Lauren’s content on @the20somethingspoonie is unique, and I haven’t found anything else quite like it on social media. Her content is centered around life hacks for chronic illness and disability. She provides tips on anything, including dating, low energy hobbies, cleaning, reading, sex, and cooking.
There’s something to learn from every one of her thoroughly researched posts.
Walela’s work is hard to categorize, and this is not a bad thing.
This is because Walela’s writing, poetry, and creative expression on @itswalela constantly push boundaries and lead us toward an innovative future of greater cultural understanding and nuanced conversation.
Their content often centers on themes of illness, disability, mortality, and pain, but they discuss how these topics intersect with others, like race, queerness, abuse, colonialism, and more.
Walela has also recently signed a book deal, and one look at their page will tell you why — their writing truly stands out.
Stephanie’s content on X is thoroughly educational, interesting, and relevant. Her posts cover topics around disability justice, rights, and advocacy. She often connects these topics to real-time events and current news.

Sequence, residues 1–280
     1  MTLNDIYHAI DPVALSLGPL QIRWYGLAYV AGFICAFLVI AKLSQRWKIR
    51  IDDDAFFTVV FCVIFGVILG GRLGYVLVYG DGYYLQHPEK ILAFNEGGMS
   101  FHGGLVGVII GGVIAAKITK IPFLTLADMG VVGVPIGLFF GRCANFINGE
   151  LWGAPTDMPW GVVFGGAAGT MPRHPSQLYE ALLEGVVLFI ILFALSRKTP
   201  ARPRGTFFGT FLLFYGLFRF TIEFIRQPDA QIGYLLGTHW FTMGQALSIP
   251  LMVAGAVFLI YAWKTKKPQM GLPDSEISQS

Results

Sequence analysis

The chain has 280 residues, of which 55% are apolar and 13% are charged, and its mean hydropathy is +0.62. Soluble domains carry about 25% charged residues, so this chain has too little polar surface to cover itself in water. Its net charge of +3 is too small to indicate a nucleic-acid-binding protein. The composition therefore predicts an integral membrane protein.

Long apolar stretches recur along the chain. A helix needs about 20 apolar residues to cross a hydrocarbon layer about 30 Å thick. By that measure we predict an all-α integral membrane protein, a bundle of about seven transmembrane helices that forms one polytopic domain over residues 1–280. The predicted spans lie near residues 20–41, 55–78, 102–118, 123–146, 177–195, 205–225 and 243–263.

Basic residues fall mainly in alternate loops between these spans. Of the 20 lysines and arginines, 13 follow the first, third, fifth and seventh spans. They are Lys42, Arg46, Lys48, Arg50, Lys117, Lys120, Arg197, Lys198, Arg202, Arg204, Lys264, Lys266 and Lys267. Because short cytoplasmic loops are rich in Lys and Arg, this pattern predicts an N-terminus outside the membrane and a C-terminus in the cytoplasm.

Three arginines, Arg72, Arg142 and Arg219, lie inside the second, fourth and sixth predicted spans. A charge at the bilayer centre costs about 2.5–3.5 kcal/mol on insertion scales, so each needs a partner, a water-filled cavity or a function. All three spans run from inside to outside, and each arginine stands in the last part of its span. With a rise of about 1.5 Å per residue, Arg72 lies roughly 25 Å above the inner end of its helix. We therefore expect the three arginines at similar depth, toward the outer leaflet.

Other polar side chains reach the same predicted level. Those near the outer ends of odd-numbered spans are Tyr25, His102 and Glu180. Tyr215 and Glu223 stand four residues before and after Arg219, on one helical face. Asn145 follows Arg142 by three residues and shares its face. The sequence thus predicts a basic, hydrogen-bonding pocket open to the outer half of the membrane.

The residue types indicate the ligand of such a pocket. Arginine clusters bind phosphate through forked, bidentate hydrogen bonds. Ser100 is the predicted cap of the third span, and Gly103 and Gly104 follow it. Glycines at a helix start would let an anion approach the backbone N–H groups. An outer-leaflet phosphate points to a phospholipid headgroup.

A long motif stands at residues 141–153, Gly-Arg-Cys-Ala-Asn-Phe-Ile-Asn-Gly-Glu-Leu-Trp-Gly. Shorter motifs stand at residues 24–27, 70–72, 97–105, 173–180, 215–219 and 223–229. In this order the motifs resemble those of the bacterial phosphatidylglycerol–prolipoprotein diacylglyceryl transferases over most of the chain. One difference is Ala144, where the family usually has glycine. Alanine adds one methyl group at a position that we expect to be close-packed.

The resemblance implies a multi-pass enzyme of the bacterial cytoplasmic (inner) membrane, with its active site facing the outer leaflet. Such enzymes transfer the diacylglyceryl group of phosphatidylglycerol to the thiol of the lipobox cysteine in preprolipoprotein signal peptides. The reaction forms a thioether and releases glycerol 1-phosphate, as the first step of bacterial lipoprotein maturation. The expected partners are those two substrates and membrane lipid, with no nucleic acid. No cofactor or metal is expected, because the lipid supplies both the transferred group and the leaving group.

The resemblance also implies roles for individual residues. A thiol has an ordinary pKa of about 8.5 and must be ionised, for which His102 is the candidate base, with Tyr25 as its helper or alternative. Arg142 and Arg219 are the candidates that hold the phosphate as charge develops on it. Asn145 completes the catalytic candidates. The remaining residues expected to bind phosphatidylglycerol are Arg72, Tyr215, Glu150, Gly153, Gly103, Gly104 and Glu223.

Stephanie also posts about issues surrounding accessibility, COVID-19, healthcare costs, and her own personal experiences. You can find her on the X platform @stephtaitwrites.
Their work on intersectional activism draws attention to some of the most important political issues surrounding disability and how these issues are connected to ableism. Charis’ page is a quintessential space for engaging and learning more about these topics.
Ola’s writing on the X platform focuses on the connection between ableism, racism, misogyny, and diversity within the disability community.